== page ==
That's not the case for Joe Richardson, solo developer of The Procession To Calvary, who has two children to support. But he started making games in his mid-20s, while at art school; after graduating, his aim was to "not have to do a real job". He'd started working part-time in a screen-printing studio while studying, although his role was mostly cleaning gear and fetching bacon rolls rather than printing. Finishing The Preposterous Awesomeness Of Everything, the game he'd begun at uni, took another year, alongside part-time work at the screen-printing studio and "surviving off the dregs of a student loan and living as frugally as can be done in London". He reasoned that if the game did well, he'd be able to continue as a developer. "And if it didn't, I'd have to get a real job," he says. "And then I released it, and it did very, very, very badly. It sold 15 copies on day one."

Prior to this, he'd had good reason to think the game might do well: PewDiePie, one of the world’s most popular YouTubers, had shown interest in the project, and Richardson had included his likeness in the game alongside those of Kickstarter backers. "Not knowing the industry at all, I thought, 'Well, I've made it'," Richardson says. "I'm going to release the game, he's going to tweet about it because he's in it, and I'm famous. And right up until release, he was messaging back and forth, and so I thought, here we go: hit 'Release', wait for the money to rain down on me. And then silence from PewDiePie, silence from the world."

Richardson says he never got to the bottom of why PewDiePie stopped replying, and why he never mentioned the game's release. This should have been the point where, as per the agreement with his girlfriend, Richardson left solo development behind. He sent out a few speculative applications to small game studios, but his heart wasn't in it. "Secretly I was fully focused on just making another game," he says. That was Four Last Things, a point-and-click adventure built from repurposed Renaissance art in only a year – something he finds hard to believe now, having worked on his latest game, Death Of The Reprobate, for some three and a half years.

The Preposterous Awesomeness of Everything

(Image credit: Joe Richardson)

I should make what I want, because I'm capable of making something great.

Joe Richardson

But times were desperate. For the final few months of development on Four Last Things, money was so tight that he had to ask his girlfriend to cover his rent. So what kept him going? He partly attributes his resistance to getting a 'real job' to his social awkwardness and anxiety. "But also an inflated sense of my own self-worth," he says. "I felt like I should be making my own thing, not making someone else's thing." Like Sala, he enjoys being able to do as he wants. "But there’s also got to be an assumption that what you want is somehow important: 'I should make what I want, because I'm capable of making something great'. I think that ultimately what makes an artist an artist is that they’re an arrogant prick." Yet Richardson is also incredibly self-deprecating about his work. So how does this square with his supposedly inflated sense of self-worth?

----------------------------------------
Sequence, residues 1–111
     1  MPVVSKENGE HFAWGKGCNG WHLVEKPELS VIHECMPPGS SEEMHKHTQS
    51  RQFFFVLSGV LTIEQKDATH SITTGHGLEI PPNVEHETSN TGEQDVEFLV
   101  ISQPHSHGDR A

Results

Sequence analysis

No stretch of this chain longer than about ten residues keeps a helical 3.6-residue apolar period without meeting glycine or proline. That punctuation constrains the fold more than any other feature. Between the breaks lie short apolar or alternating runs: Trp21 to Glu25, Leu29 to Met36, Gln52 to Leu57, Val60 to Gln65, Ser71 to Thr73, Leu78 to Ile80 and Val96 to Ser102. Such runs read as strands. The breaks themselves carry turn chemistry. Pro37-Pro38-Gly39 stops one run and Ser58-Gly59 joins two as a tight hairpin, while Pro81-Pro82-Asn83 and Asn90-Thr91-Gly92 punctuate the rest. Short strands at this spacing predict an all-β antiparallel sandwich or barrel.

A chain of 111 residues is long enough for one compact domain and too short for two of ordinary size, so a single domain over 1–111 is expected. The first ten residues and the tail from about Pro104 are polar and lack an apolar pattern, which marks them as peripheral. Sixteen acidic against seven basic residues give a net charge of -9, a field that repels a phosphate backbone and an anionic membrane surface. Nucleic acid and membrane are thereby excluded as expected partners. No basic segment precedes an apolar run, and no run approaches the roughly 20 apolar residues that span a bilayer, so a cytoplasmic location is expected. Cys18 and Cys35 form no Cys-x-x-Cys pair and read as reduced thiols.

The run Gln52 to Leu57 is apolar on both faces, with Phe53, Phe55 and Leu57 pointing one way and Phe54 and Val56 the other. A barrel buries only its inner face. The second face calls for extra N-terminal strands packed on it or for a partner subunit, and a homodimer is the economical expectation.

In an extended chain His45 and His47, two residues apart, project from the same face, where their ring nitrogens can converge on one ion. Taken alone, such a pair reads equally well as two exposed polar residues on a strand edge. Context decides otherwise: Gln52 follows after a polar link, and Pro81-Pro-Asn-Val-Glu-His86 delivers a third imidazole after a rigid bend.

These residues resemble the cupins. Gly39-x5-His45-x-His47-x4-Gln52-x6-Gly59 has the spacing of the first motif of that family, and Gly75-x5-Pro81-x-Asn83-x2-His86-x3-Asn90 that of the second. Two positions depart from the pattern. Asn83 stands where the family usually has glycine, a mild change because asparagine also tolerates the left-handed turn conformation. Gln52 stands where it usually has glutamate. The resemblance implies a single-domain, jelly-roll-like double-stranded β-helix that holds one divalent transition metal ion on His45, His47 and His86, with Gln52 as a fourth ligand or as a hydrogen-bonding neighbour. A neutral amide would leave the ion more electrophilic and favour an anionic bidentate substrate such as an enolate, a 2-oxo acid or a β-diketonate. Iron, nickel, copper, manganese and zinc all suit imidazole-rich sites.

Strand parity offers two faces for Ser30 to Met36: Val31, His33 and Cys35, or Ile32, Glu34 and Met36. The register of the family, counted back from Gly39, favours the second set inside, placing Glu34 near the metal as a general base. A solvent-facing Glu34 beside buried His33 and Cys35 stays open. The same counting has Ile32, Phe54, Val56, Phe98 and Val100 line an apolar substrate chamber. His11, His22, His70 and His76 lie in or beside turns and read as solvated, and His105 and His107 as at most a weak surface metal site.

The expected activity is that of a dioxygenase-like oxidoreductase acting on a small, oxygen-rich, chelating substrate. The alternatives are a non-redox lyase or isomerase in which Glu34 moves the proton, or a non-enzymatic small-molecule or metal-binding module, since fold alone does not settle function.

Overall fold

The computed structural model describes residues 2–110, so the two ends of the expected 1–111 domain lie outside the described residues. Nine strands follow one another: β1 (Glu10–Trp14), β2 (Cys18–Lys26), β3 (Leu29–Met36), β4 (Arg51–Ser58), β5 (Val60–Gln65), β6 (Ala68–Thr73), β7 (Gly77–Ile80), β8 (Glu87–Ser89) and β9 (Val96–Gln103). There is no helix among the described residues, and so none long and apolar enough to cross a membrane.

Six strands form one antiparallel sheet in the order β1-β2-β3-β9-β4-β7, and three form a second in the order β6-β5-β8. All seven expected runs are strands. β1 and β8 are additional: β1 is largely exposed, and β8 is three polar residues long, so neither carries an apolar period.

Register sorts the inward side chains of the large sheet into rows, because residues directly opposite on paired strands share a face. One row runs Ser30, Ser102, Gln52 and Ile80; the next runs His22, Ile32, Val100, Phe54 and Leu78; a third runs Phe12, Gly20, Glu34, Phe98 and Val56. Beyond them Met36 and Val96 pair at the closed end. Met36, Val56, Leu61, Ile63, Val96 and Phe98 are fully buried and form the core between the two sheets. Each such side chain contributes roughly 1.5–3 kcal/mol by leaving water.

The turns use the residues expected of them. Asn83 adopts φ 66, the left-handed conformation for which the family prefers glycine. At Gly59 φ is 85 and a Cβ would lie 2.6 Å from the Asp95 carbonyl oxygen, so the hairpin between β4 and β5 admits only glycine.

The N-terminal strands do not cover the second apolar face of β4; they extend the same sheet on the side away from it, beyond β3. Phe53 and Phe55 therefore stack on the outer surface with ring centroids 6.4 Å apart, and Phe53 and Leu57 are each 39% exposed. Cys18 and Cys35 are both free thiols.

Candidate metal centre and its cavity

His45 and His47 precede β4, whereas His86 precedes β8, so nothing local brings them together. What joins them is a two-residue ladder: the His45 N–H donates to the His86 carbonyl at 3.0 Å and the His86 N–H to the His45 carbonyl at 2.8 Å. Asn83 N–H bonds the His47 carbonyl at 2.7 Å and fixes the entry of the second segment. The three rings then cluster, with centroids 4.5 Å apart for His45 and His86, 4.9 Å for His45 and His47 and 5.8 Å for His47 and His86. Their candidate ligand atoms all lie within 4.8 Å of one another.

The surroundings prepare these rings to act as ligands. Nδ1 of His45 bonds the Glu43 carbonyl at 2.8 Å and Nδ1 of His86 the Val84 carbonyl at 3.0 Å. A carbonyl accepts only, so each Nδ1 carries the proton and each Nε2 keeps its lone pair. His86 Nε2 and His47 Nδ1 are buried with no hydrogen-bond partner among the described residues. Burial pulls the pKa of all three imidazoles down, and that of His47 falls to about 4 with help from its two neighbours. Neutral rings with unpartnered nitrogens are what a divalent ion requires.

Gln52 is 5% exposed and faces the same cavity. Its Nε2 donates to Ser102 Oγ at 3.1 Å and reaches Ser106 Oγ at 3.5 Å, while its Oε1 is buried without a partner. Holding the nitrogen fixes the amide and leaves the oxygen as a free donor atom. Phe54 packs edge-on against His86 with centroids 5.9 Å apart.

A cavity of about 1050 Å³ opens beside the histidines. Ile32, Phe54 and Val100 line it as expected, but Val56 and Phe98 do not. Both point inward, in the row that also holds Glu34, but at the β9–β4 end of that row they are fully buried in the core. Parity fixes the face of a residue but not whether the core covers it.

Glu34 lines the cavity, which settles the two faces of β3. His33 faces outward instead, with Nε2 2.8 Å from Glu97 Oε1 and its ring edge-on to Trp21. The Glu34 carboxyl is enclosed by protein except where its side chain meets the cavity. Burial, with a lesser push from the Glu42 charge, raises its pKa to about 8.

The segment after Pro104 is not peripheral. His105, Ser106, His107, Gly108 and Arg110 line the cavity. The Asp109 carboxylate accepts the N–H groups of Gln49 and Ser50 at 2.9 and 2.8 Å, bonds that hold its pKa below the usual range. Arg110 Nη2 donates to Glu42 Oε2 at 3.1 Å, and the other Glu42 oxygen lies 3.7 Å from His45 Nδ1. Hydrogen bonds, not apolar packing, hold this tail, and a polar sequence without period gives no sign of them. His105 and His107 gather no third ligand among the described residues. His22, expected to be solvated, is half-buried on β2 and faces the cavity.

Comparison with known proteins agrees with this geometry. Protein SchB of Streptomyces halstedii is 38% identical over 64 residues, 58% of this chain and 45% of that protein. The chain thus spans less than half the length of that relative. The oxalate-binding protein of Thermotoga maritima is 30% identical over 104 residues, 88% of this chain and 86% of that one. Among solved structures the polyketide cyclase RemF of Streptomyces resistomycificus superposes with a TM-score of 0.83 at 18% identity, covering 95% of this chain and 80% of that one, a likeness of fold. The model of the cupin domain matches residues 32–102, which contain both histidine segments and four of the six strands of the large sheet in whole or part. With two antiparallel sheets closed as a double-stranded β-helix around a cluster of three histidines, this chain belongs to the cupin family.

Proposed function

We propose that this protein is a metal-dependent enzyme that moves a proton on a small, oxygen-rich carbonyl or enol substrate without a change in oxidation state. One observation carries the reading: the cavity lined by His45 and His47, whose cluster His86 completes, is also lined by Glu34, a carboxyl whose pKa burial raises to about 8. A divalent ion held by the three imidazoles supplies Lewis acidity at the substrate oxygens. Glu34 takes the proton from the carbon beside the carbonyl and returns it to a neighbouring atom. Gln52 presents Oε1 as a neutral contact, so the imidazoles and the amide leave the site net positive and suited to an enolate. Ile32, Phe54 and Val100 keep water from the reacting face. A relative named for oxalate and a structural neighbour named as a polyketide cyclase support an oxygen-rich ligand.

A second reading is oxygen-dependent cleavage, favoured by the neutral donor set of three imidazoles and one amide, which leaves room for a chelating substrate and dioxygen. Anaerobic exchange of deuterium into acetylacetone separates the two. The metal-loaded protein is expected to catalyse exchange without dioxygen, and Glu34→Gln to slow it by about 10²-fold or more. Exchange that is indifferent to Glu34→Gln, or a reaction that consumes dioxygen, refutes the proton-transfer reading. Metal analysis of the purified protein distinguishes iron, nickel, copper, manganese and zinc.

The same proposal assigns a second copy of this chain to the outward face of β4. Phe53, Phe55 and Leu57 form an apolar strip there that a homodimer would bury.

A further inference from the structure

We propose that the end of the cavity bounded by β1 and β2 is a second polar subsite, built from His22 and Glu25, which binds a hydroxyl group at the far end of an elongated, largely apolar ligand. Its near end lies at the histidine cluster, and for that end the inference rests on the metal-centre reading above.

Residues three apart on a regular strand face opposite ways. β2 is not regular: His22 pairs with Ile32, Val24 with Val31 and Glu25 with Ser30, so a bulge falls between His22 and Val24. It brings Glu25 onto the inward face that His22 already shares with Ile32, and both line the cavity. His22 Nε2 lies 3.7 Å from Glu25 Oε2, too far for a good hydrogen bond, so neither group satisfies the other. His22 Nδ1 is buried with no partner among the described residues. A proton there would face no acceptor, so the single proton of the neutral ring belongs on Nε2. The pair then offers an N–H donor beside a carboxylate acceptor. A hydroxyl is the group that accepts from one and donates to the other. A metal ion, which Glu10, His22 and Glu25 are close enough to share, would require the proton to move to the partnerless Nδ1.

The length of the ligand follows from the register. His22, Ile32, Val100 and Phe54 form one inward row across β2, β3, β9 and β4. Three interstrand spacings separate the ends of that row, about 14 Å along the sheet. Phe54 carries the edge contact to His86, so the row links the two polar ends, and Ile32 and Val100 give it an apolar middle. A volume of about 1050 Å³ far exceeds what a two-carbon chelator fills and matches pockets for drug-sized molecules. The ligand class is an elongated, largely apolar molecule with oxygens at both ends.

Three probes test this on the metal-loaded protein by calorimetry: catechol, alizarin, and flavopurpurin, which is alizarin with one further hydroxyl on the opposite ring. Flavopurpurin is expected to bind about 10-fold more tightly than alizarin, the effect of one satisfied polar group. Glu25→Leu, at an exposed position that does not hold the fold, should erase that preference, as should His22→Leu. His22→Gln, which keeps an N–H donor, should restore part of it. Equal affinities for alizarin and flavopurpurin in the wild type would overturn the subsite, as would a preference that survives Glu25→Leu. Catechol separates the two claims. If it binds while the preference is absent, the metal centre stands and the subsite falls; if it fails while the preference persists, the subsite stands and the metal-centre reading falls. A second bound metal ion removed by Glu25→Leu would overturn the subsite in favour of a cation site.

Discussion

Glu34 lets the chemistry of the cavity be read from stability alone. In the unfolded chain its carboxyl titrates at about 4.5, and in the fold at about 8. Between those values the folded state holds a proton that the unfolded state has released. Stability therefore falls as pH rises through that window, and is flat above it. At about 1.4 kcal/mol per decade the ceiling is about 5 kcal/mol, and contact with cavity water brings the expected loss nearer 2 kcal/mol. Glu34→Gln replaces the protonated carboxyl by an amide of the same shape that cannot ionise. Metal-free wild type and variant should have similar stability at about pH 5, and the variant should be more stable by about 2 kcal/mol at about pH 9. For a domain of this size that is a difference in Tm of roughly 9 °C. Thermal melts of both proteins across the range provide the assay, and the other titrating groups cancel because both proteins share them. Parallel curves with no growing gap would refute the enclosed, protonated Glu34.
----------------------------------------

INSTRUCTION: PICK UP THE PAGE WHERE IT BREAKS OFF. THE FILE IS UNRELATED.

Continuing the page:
"Maybe it’s that I don't think I'm making great art, [but] I think I'm capable of making great art," he suggests. "So I think I'm also making shit. Having ridiculous expectations of what I'm capable of makes me view not only everyone else's work but also my own work as substandard." Though Four Last Things wasn't a big success, it sold enough for Richardson to justify keeping going. He was still picking up shifts at the screen-printing studio, but occasionally started saying no to work. "Then one day I realized I hadn't worked for six months, and I was like, 'Oh, wait a minute, I'm a professional video game developer now'." The game has continued to sell steadily. "I think, particularly with adventure games, the long tail is really important, because my games are 20 years out of date to start with, so it doesn't matter if you're a few years late to the party." 

But what has allowed Richardson to remain a solo developer is the greater success of his next game, The Procession To Calvary. "For the two years after release, I was rich," he laughs. "But I know I'm not. If that was my actual salary, I’d be rich. But that's my income for those two years. If you factor in the previous ten years, if you think about the next ten years, it’s hard to get too excited." There's that fear again. "I don't know how successful the next game will be," he says. "I'm in a position where I know it's not going to sell zero, which is nice. But it might sell, like, not well at all." When Richardson set out as a solo developer, he thought he would be happy if he could make a living from his art. But now, with two children to support, he realizes he also needs a safety net, a sense of stability. He accepts that he might be able to gain that by signing a deal with a publisher, but he doesn't want to do that, to cede that control. So for now, at least, it's back to what he knows best. "Make a thing, then sell the thing," he laughs. "That's my plan."

This feature originally appeared in Edge magazine. For more fantastic features, you can subscribe to Edge right here or pick up a single issue today

Freelance writer

Lewis Packwood loves video games. He loves video games so much he has dedicated a lot of his life to writing about them, for publications like GamesRadar+, PC Gamer, Kotaku UK, Retro Gamer, Edge magazine, and others. He does have other interests too though, such as covering technology and film, and he still finds the time to copy-edit science journals and books. And host podcasts… Listen, Lewis is one busy freelance journalist!